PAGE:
When I wrote my gluten free cook book these doughnut balls were one of my recipes, so I thought I’d have a go at creating a no added sugar version and I’m delighted with the results…
For a sweet treat, just make sure the oil is deep and hot enough to make the dough inside fluffy and light. You can use a wheat flour (which contains gluten) instead of gluten free, in which case leave out the xanthan gum.
Recipe by Phil Vickery
As a father, and general advocate of healthy living Phil appreciates the need to eat healthier, but as a chef he always wants to create dishes that look and taste amazing and in particular desserts that feel indulgent and a little bit naughty. It is this cooking contradiction that has been the drive behind the creation of this collection of recipes, which aim to provide healthier alternatives that taste and look just as impressive as their traditional alternatives.
“In the recipes I’ve looked at ways to reduce sugar and/or saturated fats, but not at the cost of taste. You’ll still find butter or margarine in some of them, because I felt replacing it produced an inferior product and what’s the point of making a super healthy dessert if you then don’t eat it because you don’t like the taste! In others cream has been replaced with fromage frais, full fat milk has become skimmed, sugar has been substituted for a natural alternative called xylitol and even butter swapped for ricotta.”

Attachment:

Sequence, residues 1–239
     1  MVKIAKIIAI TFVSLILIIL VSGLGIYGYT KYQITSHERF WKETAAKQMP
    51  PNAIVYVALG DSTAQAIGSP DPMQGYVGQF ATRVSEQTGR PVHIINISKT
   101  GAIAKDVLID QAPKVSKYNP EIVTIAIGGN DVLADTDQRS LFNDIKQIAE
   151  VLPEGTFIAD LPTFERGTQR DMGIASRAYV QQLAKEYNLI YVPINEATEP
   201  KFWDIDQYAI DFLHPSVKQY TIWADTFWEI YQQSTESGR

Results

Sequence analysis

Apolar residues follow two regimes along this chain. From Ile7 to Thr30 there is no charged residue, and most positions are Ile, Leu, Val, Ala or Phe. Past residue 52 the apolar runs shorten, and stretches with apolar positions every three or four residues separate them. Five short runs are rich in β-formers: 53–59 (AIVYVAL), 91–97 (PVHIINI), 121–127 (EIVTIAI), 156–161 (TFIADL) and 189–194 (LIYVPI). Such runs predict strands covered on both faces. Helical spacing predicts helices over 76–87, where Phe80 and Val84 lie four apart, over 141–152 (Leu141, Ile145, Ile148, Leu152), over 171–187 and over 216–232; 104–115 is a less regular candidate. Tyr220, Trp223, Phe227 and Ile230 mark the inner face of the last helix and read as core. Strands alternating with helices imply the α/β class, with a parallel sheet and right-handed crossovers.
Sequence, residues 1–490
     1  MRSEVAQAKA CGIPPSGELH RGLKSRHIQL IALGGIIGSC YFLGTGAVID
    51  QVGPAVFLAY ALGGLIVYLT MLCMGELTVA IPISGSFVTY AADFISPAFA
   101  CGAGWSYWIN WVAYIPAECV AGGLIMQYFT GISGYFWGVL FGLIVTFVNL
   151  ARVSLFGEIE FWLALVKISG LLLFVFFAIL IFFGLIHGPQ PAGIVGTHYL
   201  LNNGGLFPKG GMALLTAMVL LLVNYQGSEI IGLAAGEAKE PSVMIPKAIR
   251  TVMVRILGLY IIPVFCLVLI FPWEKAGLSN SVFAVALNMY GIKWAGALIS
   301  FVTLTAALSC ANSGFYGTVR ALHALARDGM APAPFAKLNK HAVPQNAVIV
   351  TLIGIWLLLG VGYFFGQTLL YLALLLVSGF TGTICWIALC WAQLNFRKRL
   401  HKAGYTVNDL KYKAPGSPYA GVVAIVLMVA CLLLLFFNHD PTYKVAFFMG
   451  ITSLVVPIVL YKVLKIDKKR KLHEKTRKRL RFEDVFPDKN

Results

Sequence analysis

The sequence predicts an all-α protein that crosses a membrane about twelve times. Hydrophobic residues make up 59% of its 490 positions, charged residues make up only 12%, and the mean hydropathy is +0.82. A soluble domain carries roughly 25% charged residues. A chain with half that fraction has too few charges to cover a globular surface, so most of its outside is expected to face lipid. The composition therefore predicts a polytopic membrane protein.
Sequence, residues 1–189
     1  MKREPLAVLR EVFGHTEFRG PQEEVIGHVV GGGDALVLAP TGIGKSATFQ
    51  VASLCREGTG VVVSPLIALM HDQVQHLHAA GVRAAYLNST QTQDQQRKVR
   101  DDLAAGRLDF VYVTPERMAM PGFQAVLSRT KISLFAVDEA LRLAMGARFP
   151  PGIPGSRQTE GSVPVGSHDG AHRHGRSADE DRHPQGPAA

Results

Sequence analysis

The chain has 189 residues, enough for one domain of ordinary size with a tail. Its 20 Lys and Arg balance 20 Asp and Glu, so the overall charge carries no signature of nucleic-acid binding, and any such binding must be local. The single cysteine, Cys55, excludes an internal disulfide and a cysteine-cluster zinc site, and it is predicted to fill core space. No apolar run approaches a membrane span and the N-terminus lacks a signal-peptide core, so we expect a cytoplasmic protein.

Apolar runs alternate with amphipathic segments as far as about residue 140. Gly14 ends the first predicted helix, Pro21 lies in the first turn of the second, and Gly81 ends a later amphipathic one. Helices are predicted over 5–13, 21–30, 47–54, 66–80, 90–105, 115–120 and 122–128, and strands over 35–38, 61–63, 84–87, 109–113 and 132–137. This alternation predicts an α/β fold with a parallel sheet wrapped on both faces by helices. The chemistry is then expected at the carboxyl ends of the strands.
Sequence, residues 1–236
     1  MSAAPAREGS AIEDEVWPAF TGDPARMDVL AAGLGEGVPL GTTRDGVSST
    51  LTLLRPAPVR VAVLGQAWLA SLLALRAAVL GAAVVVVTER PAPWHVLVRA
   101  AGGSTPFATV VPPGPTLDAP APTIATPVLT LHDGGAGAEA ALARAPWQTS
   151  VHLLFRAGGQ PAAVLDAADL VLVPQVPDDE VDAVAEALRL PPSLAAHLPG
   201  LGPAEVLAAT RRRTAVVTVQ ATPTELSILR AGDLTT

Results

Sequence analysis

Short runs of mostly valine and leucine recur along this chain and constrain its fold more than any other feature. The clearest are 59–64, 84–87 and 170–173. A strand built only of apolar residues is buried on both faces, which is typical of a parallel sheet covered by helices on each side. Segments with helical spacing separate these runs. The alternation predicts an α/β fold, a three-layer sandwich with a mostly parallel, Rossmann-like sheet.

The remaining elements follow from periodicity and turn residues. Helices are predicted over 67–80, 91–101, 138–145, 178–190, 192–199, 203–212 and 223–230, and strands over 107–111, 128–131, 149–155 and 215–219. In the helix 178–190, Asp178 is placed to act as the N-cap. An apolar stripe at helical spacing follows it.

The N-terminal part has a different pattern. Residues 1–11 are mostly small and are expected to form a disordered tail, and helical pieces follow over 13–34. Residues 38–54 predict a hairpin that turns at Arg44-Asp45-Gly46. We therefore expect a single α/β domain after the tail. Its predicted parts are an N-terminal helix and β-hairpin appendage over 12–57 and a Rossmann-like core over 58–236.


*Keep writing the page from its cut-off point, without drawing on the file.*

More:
1tbspxylitol sugar alternativeavailable in stores as Total Sweet Xylitol
1lemon zestfinely grated
1 egg yolk
oil for frying
White & Brown Rice Flour Blend - keep this in a jar to make this and other recipes
175ghalf white and half brown rice blend
Drain the ricotta: turn into a colander and leave to drain until dry, about 30 minutes or overnight.
Heat the oil in a deep fat fryer to 180C, or a deep sided pan filled one third with oil.
Place the flour, xanthan gum, baking powder, xylitol and lemon zest into a bowl and mix together evenly. Add the egg and yolk; next add the drained ricotta cheese and again mix well.
Spoon the dough into a piping bag (not fitted with a nozzle) and when the oil is hot, pipe small balls of dough straight into the hot oil. If you don’t have a piping bag, roll little balls of mixture between metal spoons and transfer to the oil.
Cook a small batch at a time, swirling and turning with a slotted spoon so you get an even colour and until nice and golden: about 3- 4 minutes.
Drain well on kitchen paper and then roll in cinnamon dusting while still warm.
Serve warm and fresh straight away. The recipe makes about 30 to allow 4 servings of six little bites.